Turning point for Big Tech accountability, but EU fails to protect women
EU strikes a historic deal on the Digital Services Act: users will have more rights vis a vis Big Tech and other platforms. However, lawmakers failed to agree on provisions targeted at porn platforms, that were proposed to protect victims, mainly women, from image-based sexual abuse. It will come at a high cost for thousands who have found their intimate photos shared without consent, HateAid warns.
With the conclusion of the last political DSA negotiations late Friday evening, a new era for the basic digital rights of users is set to begin. After more than a year of deliberation, the European Parliament, Commission and Council have now agreed on a joint vision for the Digital Services Act. HateAid welcomes the EU’s strong will to regulate platforms and calls for a fast and consistent enforcement of the new law. Users will be generally better protected from hate speech, threats and insults on online platforms although the deal has not gone far enough to protect especially women from image-based abuse. Here is HateAid’s initial reaction to the Friday’s agreement on the DSA.
Users will get a chance at second assessment in content moderation
Private companies making content decisions no longer will hold all the cards when it comes to the removal of content. Users will now be able to contest their decisions to remove or keep the notified content online. This important provision fought by civil society, will allow users to easily challenge wrongful content decisions. It is indispensable in cases of online hate speech and other violations: until today the only way for users to appeal those content decisions was to go to court. Now users will have a right to a second assessment of the content by the platform, and when that is exhausted – an out of court dispute mechanism as a first line of defense against bad content moderation will kick in. These tools will come handy to millions, as only 3% of users are turning to courts concerning online content decisions.
Insufficient protection of women from image-based sexual abuse on porn platforms
To the disappointment of thousands of Europeans and affected persons that expressed their concern and urgency about image-based sexual abuse on porn platforms, lawmakers decided to not include effective protection measures in the DSA addressing the needs of the victims. The rejected article, put on the table by the European Parliament and fought for by the Green Shadow Alexandra Geese, intended to oblige porn platforms to remove illegal images without a delay, improve content moderation on adult sites and introduce mandatory verification for uploaders of pornographic content. We can only urge the EU Institutions to act fast to propose a sectoral legislation until the end of the current legislative term. That is necessary to curb the free flow of abuse material on porn platforms that is possible, since it has no consequences for anonymous perpetrators. This reveals how the chosen horizontal approach of the DSA fails to deal with fundamental rights of the most vulnerable users, and at the same time is unable to meet the specific risks that some online services, independently of their size, pose to society.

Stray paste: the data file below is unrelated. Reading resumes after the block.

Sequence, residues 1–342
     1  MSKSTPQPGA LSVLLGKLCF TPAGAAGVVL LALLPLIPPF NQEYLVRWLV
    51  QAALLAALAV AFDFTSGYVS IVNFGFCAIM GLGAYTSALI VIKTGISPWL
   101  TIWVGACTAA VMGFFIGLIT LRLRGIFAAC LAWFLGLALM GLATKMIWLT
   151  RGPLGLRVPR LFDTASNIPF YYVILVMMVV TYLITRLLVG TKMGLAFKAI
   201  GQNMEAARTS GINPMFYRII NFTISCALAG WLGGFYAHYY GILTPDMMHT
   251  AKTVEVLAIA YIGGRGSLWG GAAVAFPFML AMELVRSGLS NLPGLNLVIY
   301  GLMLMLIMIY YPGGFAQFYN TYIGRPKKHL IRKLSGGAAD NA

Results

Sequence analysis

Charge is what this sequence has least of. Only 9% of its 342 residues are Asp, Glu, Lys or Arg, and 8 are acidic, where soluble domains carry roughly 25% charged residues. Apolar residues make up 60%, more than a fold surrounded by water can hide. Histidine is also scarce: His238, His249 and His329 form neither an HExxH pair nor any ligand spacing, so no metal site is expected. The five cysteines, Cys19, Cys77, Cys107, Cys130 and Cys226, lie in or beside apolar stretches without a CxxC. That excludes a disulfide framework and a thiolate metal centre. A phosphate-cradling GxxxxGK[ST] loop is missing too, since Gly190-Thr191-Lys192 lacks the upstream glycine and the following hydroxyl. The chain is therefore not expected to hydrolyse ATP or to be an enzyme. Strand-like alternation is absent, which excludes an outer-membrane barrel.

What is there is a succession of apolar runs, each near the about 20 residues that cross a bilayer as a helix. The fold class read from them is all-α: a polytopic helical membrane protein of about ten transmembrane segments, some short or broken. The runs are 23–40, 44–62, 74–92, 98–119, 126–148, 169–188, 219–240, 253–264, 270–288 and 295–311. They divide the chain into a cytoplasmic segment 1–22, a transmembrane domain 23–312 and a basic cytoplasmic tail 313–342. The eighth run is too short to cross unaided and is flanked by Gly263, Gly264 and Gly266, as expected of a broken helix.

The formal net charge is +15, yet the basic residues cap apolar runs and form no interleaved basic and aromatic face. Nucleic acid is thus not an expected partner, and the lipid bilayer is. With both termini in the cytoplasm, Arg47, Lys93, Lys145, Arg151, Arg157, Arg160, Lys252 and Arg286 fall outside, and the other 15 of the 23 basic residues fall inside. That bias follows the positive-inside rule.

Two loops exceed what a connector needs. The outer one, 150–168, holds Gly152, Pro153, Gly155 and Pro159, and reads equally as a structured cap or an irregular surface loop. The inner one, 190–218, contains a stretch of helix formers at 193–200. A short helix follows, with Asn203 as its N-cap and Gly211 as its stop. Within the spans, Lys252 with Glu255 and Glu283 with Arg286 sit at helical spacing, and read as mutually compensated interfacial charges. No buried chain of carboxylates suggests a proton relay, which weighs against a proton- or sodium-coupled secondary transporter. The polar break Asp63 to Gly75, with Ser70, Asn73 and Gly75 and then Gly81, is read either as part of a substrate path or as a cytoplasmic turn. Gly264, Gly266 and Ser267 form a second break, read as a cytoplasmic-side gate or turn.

A new era for Tech Transparency and online targeting
Very large online platforms will be obliged to disclose their algorithms and other inner processes, that have caused mistrust and public outcry about intended amplification of hate speech and disinformation. Other transparency measures include granting researchers and NGOs access to platform data in order to conduct research. Now platforms will be obliged to open up the so-called black box and cooperate in independent research that will shed a light on their handling of illegal, radicalized and discriminatory content as well as disinformation. This is essential to assess the risk that they are posing to society at large especially in times of war and election, but also to learn more about how users are drawn to filter bubbles and fall for conspiracy theories, disinformation and radicalization. However, more work will
need to be done to make sure that this transparency transforms the toxic engagement model of the Big Tech. Furthermore, against massive lobbying efforts by the Big Tech, the lawmakers also agreed to stop discriminatory and manipulative targeting on sites with user-generated content through advertising against minors and people based on sensitive data, like religion or sexual orientation.
Anna-Lena von Hodenberg, executive director of HateAid:
“The time of profit over safety is ending. With this legislation the EU has taken the lead on regulating Big Tech. As a consultation centre for victims of online violence, we hope that it will finally create an equality of arms between platforms and users and make sure that users’ rights do not end on national borders. Unfortunately, the EU has shown once again that the interests of the industry have overshadowed the interests of the most vulnerable: of women and girls being victims of image-based sexual abuse. The DSA has exposed a weakness in its gender-mainstreaming approach, failing to properly address one of the most privacy-violating and intrusive online crimes. They have once again looked away – but we will keep fighting. The work for civil society is only beginning – making online platforms a safe space for everyone.”
Through a petition demanding better protection of women on social media and various actions run together with an alliance of international organizations HateAid, an expert center for victims of digital violence in Germany, has critically contributed to the legislative process over the past year and given victims of digital violence a voice on the EU policy stage. The efforts were supported by a broad coalition of national and international lawmakers, NGOs, activists, and public figures.